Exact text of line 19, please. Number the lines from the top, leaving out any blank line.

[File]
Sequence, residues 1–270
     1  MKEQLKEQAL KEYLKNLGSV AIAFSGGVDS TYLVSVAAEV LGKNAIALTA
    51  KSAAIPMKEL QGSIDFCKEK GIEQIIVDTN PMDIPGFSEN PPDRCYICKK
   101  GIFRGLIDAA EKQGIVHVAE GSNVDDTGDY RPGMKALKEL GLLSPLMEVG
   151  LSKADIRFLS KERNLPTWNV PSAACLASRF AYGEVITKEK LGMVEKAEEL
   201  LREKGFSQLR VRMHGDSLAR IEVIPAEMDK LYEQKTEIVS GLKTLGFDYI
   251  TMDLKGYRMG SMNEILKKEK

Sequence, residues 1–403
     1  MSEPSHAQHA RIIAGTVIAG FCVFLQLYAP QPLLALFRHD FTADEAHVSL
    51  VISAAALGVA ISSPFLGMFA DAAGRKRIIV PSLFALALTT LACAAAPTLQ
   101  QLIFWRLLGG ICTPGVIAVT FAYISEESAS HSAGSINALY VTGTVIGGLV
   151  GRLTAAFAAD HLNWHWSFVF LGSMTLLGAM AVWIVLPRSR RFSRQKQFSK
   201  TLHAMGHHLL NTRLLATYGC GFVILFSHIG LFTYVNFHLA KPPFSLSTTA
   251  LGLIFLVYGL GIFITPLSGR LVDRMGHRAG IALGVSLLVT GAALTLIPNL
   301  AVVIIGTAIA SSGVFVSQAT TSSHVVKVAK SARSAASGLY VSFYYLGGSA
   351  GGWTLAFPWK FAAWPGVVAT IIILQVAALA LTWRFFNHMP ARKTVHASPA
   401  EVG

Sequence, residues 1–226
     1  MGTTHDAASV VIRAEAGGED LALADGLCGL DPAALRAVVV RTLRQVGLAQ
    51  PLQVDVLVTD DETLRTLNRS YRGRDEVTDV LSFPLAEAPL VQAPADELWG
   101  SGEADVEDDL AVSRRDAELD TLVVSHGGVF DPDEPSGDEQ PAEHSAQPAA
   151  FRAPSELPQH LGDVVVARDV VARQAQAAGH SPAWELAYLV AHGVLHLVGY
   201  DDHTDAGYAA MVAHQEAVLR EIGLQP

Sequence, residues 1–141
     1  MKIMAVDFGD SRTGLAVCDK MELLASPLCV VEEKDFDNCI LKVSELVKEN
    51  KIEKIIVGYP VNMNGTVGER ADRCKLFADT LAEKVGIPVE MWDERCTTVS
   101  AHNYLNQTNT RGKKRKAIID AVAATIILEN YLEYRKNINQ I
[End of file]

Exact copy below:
     1  MGTTHDAASV VIRAEAGGED LALADGLCGL DPAALRAVVV RTLRQVGLAQ